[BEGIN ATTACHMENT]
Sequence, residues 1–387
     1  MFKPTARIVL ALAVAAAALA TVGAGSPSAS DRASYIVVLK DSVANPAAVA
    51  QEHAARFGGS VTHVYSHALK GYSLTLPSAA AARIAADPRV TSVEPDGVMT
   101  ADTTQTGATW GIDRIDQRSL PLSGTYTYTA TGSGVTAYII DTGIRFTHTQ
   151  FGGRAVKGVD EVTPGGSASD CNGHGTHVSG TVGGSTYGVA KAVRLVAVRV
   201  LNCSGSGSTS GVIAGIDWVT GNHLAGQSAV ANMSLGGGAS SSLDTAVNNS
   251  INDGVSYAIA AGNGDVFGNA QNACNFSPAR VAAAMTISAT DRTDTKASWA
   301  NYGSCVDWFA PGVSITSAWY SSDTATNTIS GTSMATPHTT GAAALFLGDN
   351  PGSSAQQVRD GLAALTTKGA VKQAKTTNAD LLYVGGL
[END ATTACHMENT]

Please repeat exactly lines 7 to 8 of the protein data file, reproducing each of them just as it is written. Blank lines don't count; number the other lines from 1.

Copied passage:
   251  INDGVSYAIA AGNGDVFGNA QNACNFSPAR VAAAMTISAT DRTDTKASWA
   301  NYGSCVDWFA PGVSITSAWY SSDTATNTIS GTSMATPHTT GAAALFLGDN